Topics: Observational Astronomy - 1. Space Observatories

1. Space Observatories

Space observatories are instruments in outer space which is used for observation of distant planets, galaxies, and other outer space objects. This category is distinct from other observatories located in space that are pointed toward the earth for the purpose of reconnaissance and other types of information gathering.


A large number of observatories have been launched into orbit, and most of them have greatly enhanced our knowledge of the Cosmos. Performing astronomy from the Earth's surface is limited by the filtering and distortion of electromagnetic radiation due to the Earth's atmosphere. This makes it desirable to place astronomical observation devices into space. As a telescope orbits the Earth outside the atmosphere it is subject neither to twinkling (distortion due to thermal turbulences of the air) nor to light pollution from artificial light sources on the Earth. Some terrestrial telescopes (such as the Very Large Telescope) can counter turbulences with the help of their novel adaptive optics.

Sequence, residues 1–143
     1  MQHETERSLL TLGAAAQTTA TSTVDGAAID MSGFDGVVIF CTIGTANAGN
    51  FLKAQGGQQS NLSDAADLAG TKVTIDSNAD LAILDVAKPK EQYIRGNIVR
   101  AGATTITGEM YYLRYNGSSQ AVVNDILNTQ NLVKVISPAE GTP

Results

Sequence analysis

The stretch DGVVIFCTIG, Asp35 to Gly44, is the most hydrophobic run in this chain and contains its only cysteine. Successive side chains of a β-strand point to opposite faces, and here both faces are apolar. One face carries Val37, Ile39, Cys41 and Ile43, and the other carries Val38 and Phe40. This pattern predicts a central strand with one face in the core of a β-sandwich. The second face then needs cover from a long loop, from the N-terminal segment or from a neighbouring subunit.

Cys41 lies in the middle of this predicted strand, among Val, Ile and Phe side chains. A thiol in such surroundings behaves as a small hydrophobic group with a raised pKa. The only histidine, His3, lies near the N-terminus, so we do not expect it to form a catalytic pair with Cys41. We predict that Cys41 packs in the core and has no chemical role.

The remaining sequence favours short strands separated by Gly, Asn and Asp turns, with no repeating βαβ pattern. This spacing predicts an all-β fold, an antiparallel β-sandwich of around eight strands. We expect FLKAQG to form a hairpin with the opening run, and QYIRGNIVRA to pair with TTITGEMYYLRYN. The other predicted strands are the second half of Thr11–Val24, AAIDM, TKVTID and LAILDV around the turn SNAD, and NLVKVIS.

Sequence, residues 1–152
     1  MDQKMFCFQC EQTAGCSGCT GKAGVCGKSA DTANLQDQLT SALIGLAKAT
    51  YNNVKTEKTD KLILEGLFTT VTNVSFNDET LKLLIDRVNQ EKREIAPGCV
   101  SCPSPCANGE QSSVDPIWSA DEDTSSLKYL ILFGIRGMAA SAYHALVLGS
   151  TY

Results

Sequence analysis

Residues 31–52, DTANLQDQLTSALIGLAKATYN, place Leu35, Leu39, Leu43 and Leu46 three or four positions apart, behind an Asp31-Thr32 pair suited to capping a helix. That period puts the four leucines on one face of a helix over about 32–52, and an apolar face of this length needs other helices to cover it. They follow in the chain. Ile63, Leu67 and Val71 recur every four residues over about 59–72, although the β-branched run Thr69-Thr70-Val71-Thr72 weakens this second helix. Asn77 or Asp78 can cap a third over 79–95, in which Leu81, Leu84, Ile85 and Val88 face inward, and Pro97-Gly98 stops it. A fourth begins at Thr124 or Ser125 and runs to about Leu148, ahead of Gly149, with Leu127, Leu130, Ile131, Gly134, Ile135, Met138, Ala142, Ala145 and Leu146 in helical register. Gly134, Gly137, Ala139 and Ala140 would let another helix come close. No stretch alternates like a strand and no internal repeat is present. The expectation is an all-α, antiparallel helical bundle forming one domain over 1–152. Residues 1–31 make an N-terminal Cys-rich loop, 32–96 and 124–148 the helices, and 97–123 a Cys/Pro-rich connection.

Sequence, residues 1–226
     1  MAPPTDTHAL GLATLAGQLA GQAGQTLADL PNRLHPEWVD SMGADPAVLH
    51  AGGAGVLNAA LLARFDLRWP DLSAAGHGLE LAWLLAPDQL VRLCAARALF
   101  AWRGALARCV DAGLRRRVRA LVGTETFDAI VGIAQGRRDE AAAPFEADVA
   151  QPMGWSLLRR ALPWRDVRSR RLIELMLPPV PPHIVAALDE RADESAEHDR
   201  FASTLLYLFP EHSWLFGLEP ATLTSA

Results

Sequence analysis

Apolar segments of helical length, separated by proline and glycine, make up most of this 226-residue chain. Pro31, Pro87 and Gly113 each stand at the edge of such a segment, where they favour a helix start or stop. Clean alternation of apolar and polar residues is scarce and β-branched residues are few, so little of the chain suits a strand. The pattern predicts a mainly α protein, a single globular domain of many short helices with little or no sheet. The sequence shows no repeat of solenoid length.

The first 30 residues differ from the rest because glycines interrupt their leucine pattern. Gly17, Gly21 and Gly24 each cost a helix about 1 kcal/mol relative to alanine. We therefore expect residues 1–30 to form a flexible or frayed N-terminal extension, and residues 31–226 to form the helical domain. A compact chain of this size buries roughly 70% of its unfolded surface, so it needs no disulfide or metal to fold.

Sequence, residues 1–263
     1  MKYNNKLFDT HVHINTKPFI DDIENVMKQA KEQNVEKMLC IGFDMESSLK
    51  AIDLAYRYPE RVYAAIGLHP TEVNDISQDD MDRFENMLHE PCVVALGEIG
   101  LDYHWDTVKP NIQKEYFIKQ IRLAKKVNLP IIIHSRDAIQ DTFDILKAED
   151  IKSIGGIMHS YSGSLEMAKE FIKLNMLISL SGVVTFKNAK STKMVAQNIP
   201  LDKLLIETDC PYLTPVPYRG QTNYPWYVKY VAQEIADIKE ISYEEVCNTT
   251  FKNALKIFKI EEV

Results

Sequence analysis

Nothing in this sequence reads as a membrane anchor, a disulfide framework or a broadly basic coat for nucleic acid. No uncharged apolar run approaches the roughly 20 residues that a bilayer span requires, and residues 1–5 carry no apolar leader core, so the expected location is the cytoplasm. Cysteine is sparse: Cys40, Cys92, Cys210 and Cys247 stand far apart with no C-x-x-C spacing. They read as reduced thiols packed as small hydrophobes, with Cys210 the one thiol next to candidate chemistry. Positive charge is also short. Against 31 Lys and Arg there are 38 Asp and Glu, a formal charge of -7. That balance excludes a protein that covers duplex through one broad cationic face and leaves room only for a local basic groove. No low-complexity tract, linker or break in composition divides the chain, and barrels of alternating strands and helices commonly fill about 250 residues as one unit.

But space-based astronomy is even more important for frequency ranges which are outside of the optic window and the radio window, the only two wavelength ranges of the electromagnetic spectrum that are not severely attenuated by the atmosphere. For example, X-ray astronomy is nearly impossible when done from the Earth, and has reached its current important stand within astronomy only due to orbiting satellites with X-ray telescopes such as the Chandra observatory or XMM-Newton observatory. Infrared and ultraviolet are also greatly blocked.

Space observatories can generally be divided into two classes: missions which map the entire sky (surveys), and observatories which make observations of chosen parts of the sky.

Many space observatories have already completed their missions, while others are still operating. Satellites have been launched and operated by NASA, ESA, Japanese Space Agency and the Soviet space program later succeeded by Roskosmos of Russia.


1. Space Observatories
The Kepler Mission uses a NASA space telescope designed to discover Earth-like planets orbiting other stars.